Edinboro University Chi Alpha spends spring break in Nicaragua

Category:  News
Wednesday, April 5th, 2017 at 7:45 PM
Edinboro University Chi Alpha spends spring break in Nicaragua by Macala Leigey

Sunshine and clear skies; palm trees and 96 degree weather. Lush sugar cane fields and sturdy plantain trees line the beaten dirt roads. Gusts of warm winds brush against sun-deprived, Erie cheeks. Shades of friendly yellows, bursting blues, and raging reds coat every house and building, visible for miles past the Central American city. Scents of fresh, crisp air and distant volcanic activity invades every nostril. An entanglement of various languages hangs on every tongue and life is occurring at each corner.

Seemingly the perfect paradise for a college student’s spring break, but relaxation and partying were not a part of the Edinboro University’s Chi Alpha campus ministry’s itinerary when they landed in Managua, Nicaragua on March 9, 2017.

“It (mission work) was the best thing I could've done with spring break. Getting to spend my week with the people of Nicaragua, and spreading the love and joy of God, made for the best spring break ever,” said Edinboro University student and Chi Alpha member Cody Barbarini.

Barbarini, along with over 50 other members of Edinboro’s Chi Alpha organization, partnered with Nicaragua missionaries Ken and Kendra Doutt for the sixth year to participate in a week of mission work for poverty stricken areas in Nicaragua.

With Nicaragua being the second poorest country in the Latin American region, and most of its citizens living on less than two dollars a day, the mission team spent time serving at feeding centers, ministering at local churches, doing construction work and running a three-day children’s Bible camp.

The 2017 Chi Alpha mission team was the largest group Edinboro’s Chi Alpha organization has taken to Nicaragua; consisting of current students, alumni and community members.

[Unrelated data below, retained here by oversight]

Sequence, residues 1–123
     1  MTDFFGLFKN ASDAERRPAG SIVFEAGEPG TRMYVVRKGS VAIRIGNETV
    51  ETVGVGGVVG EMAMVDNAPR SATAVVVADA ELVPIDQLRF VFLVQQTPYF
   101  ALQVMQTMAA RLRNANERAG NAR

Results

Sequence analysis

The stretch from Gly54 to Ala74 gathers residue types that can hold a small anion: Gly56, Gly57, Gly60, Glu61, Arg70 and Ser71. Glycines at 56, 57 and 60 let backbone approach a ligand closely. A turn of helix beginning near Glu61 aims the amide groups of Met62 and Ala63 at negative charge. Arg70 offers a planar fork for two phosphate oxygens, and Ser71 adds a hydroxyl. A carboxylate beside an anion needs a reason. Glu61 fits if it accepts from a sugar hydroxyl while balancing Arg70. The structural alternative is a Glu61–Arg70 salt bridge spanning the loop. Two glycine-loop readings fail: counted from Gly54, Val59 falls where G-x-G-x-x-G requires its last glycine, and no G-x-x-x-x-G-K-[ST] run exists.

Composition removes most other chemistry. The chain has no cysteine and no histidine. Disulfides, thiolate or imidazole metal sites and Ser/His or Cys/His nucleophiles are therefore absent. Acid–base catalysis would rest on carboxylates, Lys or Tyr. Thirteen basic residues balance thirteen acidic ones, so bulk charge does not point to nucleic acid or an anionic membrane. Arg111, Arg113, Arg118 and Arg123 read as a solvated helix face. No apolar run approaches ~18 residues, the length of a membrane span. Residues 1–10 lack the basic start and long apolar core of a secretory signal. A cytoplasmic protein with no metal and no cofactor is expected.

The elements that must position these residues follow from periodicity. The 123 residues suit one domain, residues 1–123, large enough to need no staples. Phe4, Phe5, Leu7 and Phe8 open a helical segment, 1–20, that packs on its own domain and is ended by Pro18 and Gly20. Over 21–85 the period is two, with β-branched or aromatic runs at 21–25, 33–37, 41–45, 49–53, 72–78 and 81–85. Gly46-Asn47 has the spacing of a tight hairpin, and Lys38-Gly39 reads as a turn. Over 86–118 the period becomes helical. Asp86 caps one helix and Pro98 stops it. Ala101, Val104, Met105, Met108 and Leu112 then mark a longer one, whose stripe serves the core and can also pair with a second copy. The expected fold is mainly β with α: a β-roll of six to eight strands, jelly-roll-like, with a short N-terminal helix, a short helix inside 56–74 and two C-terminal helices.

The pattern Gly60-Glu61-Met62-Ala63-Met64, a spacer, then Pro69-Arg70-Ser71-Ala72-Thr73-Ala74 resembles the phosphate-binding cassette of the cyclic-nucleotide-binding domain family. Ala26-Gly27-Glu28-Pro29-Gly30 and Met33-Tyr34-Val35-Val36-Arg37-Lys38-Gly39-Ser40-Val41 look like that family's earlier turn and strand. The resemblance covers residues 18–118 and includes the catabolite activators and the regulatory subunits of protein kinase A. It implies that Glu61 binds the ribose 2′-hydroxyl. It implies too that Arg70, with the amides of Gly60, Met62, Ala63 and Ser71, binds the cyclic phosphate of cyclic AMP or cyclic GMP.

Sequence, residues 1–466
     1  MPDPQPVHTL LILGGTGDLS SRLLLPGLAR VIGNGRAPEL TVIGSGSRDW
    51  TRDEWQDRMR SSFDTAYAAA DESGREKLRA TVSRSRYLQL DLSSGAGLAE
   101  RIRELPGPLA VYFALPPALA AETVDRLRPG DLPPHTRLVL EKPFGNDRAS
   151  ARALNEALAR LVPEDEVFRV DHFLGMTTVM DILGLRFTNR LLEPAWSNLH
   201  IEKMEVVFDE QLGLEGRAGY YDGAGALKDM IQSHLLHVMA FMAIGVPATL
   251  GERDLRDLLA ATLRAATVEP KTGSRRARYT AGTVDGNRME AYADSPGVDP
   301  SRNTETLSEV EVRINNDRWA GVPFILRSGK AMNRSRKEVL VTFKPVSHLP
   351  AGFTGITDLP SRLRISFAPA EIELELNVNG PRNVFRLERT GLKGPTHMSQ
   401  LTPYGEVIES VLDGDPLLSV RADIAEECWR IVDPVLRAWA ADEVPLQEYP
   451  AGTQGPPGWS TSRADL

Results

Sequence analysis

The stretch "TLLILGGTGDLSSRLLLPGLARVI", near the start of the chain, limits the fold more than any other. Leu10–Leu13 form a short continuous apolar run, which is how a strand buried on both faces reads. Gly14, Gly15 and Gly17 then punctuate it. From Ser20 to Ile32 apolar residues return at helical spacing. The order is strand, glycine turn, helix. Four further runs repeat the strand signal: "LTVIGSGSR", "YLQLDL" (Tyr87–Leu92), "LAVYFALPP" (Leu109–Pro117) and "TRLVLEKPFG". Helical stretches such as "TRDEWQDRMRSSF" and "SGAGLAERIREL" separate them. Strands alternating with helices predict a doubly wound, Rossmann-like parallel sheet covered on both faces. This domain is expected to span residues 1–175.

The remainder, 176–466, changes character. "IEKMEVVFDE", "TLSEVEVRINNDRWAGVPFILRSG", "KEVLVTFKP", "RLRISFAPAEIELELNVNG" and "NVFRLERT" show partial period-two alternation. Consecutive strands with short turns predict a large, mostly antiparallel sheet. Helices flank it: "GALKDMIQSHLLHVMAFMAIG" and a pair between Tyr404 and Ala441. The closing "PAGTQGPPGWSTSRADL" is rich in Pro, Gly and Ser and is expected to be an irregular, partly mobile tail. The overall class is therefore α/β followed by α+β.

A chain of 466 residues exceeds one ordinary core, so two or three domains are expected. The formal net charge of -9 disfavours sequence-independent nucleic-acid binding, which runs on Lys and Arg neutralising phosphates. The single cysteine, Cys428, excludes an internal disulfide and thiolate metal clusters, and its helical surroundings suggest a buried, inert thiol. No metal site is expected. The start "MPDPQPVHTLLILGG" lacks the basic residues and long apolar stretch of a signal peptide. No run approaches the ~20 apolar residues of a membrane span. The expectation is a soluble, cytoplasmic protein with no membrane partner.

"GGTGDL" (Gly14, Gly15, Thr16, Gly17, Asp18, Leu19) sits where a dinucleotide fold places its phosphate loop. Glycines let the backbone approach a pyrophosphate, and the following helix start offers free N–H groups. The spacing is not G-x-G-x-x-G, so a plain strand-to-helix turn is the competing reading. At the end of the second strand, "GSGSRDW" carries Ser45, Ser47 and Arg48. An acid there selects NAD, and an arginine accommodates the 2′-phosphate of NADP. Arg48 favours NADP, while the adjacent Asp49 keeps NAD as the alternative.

“It was very evident that there has been some kind of spirtual awakening going on with (this) Chi Alpha group this year. (They) all work so well together. A true team, very selfless,” said missionary Ken Doutt.

For the first two days of mission work, the team broke up into two smaller groups for community outreach, at the feeding centers and with construction work. The teams switched mission sites each day and then came back together to run the children’s camp. 

“The way the teams worked together and supported each other was done in such a way that I haven’t experienced before. For being such a young and inexperienced team, the way everyone conducted themselves at camp, and away from it, was truly incredible,” said Barbarini.

A little dirt never hurt: Construction work

Currently, the campsite the Doutts hold the children’s Bible school at is rented, but with the help of local construction workers and mission teams, such as the Edinboro Chi Alpha group, they are working to build their own campsite.

“This year was great because we also got to do construction and literally have a hand in building God’s kingdom,” said third-year Nicaragua trip goer Natalie Nye.

“When we were painting poles at the entrance to the camp, I got the opportunity to talk with some kids playing on the street,” she said. “Since I was the one who knew the most Spanish in the group, I asked the kids about their life and where they are from. They lived across the street from the new camp and had been seeing us build it. We literally got the opportunity to speak the Gospel into kids’ lives that have never heard of Jesus.”

Work at the construction site consisted of cleaning and laying brick for the new cabins, painting entrance poles and signs, cutting brush and mixing cement.

“The fact that we all got to experience being a part of the construction team was very interesting and added a very neat dynamic to this year’s team. I feel as though doing that at the beginning of the week, realizing what we are working for, and thinking about how that camp is going to impact future Nicaraguan children was an awesome thing,” said Barbarini.

The new camp is expected to be finished and ready for camp by 2019.

Feed one, pray with many: Feeding centers and churches

In addition to construction work, the teams served at local feeding centers and attended church services; with students sharing their testimonies and performing skits for community members.

“The people down there are just so sweet and so welcoming. We got to go pray for people, and one lady invited us into her house. She wanted prayers for her family to stay healthy and for her husband to know Christ. It amazed me how these people have very little and all they wanted (were) prayers for their family,” said second year Nicaragua mission trip attendee Megan Hitchcock.

During their community outreach days, the Edinboro Chi Alpha team helped at feeding centers located at two of the most poverty stricken towns in Nicaragua: El Camino and Nuevo Jerusalem. El Camino was where the majority of kids who attend camp live, giving veteran Nicaragua mission trip goers the chance to reconnect with kids they had previously met.